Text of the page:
Chinese hackers are infiltrating everything nowadays: the New York Times, the State Department, your little sister's World of Warcraft account. But everybody from private security officials on up to Obama is worried about that one ominous threat most of all—the cyber-nightmare scenario: hackers gaining control of the U.S. power grid. If they could finagle control they’d be able to shut it down, leaving critical infrastructure vulnerable. Good thing we can stop them. With solar panels.
The Times just published the findings of a new report from the cyber-security firm Mandiant, which claims to link the activities of a group of hackers, the Comment Crew, to Unit 61398 of the People’s Liberation Army. The Crew has been hacking into American corporations and government institutions from a small outpost in Shanghai for years.
The report reveals that “while Comment Crew has drained terabytes of data from companies like Coca-Cola, increasingly its focus is on companies involved in the critical infrastructure of the United States — its electrical power grid, gas lines and waterworks. According to the security researchers, one target was a company with remote access to more than 60 percent of oil and gas pipelines in North America.”
If the hackers could turn oil and gas pipelines on and off at will, it’d make for a slew of big ugly messes, and potentially environmental catastrophe. But “what most worries American investigators is that the latest set of attacks believed coming from Unit 61398 focus not just on stealing information, but obtaining the ability to manipulate American critical infrastructure: the power grids and other utilities,” the Times reports.
It’s worth remembering that as of right now, many security analysts believe that it’d be next to impossible for a team of hackers to gain enough control over a utility or a particular power plant to shut it down. And those advocating a stricter government cyber-security apparatus have been accused of using the threat of grid-killing hackers to stoke fears to justify their policies. Yet the sophistication of these attacks is indeed growing, that's indisputable.
There’s one thing you can do for sure to ward off the threat of Chinese hackers turning your lights off: buy solar panels. Or better yet, support policies that bring solar to your community at large.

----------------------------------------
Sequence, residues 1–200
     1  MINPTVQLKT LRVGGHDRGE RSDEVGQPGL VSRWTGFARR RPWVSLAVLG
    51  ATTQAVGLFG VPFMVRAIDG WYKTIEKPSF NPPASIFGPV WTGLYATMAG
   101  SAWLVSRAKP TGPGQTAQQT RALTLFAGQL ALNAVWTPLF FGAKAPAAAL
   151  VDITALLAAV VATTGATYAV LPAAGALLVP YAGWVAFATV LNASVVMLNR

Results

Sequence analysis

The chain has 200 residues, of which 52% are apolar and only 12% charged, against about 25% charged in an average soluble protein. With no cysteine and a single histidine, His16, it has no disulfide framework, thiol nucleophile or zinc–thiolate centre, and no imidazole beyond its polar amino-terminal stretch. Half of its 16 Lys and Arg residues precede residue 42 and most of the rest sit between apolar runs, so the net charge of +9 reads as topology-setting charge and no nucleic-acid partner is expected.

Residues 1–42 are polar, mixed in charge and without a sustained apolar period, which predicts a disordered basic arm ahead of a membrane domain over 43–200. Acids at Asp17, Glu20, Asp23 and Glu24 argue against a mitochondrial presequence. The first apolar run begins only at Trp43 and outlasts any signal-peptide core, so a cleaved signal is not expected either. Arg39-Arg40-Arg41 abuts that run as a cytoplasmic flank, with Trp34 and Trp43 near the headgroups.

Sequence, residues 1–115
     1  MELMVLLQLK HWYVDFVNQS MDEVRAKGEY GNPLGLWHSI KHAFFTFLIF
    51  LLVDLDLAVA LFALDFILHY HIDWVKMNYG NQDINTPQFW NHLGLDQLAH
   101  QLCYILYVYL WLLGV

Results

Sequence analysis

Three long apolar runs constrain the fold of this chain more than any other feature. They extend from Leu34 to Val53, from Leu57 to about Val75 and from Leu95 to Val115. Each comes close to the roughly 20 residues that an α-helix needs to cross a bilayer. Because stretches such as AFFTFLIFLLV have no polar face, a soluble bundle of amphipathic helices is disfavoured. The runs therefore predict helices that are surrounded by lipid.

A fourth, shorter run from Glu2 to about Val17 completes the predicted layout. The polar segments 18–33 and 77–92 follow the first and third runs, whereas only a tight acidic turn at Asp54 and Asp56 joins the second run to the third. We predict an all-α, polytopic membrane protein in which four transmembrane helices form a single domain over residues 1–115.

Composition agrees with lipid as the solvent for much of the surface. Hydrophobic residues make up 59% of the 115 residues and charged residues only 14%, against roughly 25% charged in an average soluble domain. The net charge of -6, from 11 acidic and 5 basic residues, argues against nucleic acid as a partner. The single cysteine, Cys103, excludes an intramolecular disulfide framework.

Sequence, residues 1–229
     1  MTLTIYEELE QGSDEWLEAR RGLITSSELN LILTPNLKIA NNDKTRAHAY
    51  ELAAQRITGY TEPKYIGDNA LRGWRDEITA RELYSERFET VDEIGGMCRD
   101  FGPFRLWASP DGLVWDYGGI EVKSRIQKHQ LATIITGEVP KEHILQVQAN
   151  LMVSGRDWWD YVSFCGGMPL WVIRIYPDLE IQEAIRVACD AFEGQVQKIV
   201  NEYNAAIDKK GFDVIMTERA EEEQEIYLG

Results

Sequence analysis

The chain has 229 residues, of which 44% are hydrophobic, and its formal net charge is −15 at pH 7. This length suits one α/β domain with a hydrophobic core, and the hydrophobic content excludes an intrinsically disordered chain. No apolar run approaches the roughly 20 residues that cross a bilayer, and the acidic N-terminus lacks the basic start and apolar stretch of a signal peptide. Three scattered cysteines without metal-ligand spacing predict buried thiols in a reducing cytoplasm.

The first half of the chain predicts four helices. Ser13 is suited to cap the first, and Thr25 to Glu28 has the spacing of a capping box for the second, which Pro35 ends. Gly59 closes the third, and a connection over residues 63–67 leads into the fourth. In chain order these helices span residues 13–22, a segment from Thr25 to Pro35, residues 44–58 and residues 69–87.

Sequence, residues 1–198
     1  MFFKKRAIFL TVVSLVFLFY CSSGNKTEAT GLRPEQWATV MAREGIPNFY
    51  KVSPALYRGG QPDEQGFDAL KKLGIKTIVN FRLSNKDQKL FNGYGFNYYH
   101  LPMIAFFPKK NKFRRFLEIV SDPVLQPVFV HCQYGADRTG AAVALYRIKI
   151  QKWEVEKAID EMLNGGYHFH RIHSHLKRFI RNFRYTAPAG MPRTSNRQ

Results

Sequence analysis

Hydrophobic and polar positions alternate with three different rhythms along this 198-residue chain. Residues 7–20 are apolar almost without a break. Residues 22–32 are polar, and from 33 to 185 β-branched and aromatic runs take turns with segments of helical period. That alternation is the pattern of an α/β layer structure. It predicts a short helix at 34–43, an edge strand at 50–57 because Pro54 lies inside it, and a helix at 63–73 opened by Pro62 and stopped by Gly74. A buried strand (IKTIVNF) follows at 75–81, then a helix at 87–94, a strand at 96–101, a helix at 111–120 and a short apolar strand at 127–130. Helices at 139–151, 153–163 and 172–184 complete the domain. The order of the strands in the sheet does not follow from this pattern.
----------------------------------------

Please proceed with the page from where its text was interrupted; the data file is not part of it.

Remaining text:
I'll explain. There’s a reason that the prospect of hackers taking over our grid is so alarming, and that’s because our grid is currently fed almost exclusively by giant, centralized power plants. If hackers were to take down a single generating station, say, the Indian Point Nuclear Plant, it’s lights out for half of New York. If they hijack the Scherer coal plant in Georgia, that’s almost 4 gigawatts of power that goes offline, millions and millions of homes left dark—and tons of critical infrastructure, of course.
That’s why relying on centralized power is so risky—a coordinated attack, or, more likely, a storm or other natural disaster, could shut off the lights in an entire region in one fell swoop. We fear the terrorists, of course, but an errant tree branch falling on a power line in Connecticut could do just as much damage.
So we need to hacker-and-hurricane-proof our grid. If we're worried about terrorists taking out our grid, the solution is to begin a transition, as nations like Germany have, to a distributed model of power generation. Thanks to government incentives, communities across Deutschland have been buying up their own solar arrays, and relying on localized power instead of big central plants. If the power gets cut in a neighboring city, the lights stay on. Communities also enjoy the benefit of democratized energy; they manage how their own power flows, not a utility. If we all had our own local power supplies, with diversified software to manage it, it’d be nigh impossible for hackers or natural disasters to shut down the lot of them.
Of course, if you have your own home-mounted array, you’ve already hacker-proofed your home from those grid-assaulting agents overseas. The next step is to upgrade the whole grid, by transforming it from a lumbering, massive target with a smokestack for a bulls-eye, into a nimbler, smarter collection of solar panels and wind turbines that more gracefully match supply to demand. And a new motto for the cleantech industry is born: Help keep the hackers out. Go solar.